Earlier last year, when ISIS was seen as a threat in both Iraq and Syria, the President acted and went to Congress for approval of actions seeking to thwart the advance of the ISIS reign of terror. He has even requested a new Authorization of the Use of Military Force to set parameters for US military intervention in the region. No new authorization has been forthcoming from Congress since the authorization for the Iraq war over a decade ago. Congress and the media seem to have forgotten all about it, since no formal document has been approved by either House to date. Selective interference in the conduct of foreign policy seems to have joined failure to act on confirming Presidential nominees and refusal to pass needed legislation in the GOP Congressional Obstruction Playbook. Would that they had as much concern over the details of a proposed trade deal that promises to further impoverish their middle class constituents as they do over the details of an international deal that could avert a hot war that has the potential of making the last two wars in the region seem pale in comparison.
Other than Netanyahu, who may owe his continued position in Israel to the gamesmanship displayed by himself and his backers in Congress, the folks in Congress who are continuing to try to force a shooting war with Iran are a mixed lot. Some are military veterans like McCain who see a real threat in Iran’s nuclear program and worry that no negotiated deal that will stop Iran from getting a bomb is possible. Others are simply playing politics, acting like they are backing a longtime ally in Israel and being tough in response to a threat posed to world peace by a longtime nemesis. Few, if any, of them has real skin in the game. Most of those who do are those same small percentage of Americans who have been volunteers serving multiple tours of duty in Iraq and Afghanistan for practically all of this century (and their families, of course). The politicians don’t even feel the need to pay for the bombs, bullets and missiles needed to destroy yet another country or five in the region. They’ll just cut back on human services at home and watch the arms merchants continue to wrack up the windfall profits.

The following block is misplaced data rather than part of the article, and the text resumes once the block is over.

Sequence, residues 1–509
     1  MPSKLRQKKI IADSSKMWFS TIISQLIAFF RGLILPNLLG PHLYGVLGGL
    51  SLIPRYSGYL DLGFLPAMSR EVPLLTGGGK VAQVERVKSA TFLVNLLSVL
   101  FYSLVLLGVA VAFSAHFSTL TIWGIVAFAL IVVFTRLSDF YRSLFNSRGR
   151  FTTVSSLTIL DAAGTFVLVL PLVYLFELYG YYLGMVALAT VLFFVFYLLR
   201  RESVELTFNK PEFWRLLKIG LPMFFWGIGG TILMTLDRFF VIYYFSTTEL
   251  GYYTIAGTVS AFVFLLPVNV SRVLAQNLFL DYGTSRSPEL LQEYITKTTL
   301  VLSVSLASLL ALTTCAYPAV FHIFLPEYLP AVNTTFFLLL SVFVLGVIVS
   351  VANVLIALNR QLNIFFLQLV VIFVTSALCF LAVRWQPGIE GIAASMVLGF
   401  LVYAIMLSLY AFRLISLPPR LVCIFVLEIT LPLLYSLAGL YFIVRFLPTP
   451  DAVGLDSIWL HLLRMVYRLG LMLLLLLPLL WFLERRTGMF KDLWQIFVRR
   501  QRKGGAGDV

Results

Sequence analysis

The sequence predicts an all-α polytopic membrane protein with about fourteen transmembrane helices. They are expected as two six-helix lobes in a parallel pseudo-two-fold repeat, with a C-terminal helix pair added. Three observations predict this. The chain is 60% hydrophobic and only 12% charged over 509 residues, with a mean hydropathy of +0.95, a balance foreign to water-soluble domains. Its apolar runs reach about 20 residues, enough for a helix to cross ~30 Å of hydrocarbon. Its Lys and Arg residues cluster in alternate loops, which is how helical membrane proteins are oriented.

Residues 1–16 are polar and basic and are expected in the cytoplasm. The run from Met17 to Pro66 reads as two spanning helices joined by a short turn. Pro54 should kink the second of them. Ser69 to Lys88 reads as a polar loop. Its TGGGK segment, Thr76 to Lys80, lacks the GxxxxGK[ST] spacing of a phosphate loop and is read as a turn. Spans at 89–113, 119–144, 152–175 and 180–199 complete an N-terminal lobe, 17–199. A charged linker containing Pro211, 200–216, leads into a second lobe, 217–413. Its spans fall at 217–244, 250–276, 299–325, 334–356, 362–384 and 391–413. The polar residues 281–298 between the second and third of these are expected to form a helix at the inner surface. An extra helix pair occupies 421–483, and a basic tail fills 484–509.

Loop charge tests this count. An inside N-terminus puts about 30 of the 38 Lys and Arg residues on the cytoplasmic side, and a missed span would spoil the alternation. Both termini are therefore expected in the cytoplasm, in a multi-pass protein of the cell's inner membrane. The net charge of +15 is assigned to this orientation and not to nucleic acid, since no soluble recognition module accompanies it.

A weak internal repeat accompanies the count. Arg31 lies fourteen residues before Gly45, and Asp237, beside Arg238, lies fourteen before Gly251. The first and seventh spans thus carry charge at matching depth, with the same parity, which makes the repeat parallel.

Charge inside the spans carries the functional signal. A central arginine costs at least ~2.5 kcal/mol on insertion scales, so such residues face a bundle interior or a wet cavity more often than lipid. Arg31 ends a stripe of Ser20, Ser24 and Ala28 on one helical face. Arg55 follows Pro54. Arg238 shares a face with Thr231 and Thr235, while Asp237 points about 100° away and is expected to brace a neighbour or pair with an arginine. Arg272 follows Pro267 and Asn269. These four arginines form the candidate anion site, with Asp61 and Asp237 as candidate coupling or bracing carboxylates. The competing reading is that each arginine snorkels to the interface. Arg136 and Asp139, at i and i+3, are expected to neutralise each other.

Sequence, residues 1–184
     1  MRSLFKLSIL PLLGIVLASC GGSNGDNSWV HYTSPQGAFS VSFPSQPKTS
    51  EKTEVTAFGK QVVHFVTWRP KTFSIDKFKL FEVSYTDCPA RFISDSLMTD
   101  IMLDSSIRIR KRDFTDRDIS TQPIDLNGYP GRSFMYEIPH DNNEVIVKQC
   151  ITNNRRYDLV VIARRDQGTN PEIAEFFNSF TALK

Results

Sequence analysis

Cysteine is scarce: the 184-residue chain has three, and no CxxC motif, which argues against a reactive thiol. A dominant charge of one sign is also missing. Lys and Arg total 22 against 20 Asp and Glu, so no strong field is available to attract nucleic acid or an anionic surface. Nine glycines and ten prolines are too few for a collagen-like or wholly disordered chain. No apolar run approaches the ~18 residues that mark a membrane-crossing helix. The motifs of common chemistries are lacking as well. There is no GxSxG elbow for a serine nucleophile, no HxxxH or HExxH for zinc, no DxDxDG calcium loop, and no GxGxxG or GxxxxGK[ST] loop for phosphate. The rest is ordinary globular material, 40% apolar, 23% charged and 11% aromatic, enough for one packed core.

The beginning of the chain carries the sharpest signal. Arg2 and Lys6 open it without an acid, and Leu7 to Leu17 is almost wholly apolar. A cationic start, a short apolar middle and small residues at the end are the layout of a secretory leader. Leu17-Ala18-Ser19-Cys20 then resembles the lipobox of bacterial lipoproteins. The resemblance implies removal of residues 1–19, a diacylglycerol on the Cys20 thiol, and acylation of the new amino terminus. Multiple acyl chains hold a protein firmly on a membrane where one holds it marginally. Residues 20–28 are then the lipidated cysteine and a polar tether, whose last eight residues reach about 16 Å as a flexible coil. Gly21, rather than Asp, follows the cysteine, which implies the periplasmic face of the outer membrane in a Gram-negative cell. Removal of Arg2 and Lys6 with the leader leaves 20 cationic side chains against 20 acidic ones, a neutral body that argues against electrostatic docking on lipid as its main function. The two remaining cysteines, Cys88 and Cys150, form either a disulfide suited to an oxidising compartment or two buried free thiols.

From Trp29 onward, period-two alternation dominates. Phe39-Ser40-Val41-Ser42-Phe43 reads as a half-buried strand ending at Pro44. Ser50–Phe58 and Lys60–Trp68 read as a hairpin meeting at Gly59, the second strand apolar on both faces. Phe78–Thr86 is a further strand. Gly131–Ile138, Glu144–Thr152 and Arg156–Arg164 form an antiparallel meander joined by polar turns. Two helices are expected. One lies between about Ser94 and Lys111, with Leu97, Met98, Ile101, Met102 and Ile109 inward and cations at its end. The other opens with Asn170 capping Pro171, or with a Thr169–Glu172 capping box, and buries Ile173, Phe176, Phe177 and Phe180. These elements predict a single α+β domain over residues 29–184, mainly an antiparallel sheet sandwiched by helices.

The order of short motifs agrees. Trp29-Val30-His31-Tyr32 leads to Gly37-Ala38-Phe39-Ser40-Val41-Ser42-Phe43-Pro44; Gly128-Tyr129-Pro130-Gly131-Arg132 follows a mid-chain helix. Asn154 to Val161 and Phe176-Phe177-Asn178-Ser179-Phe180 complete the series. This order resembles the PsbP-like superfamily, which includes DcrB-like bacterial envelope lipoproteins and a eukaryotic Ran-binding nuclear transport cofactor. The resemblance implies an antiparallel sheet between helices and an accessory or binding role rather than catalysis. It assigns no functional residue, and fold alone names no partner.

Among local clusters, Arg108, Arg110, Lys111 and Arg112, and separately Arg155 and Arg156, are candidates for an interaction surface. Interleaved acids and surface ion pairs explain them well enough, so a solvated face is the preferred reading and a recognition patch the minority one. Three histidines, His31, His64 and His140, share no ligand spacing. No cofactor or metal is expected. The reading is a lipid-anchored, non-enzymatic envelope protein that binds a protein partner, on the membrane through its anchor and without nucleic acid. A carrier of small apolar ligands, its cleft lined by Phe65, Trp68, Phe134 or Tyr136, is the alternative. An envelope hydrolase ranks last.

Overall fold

Current events in all the countries in the region, including the additional escalation involving Yemen, Saudi Arabia and other Gulf states, illustrate how dangerous the situation has become. People like Tom Cotton displaying the sort of foreign policy and military acumen which asserts that a few bombing raids and a few weeks or months of military action would bring Iran to its knees and solve the problem for once and for all don’t deserve seats in the Senate, let alone on the world stage. Following in the footsteps of George W. Bush’s “Mission Accomplished” moment in Iraq in 2003 should inspire circumspection rather than further bravado.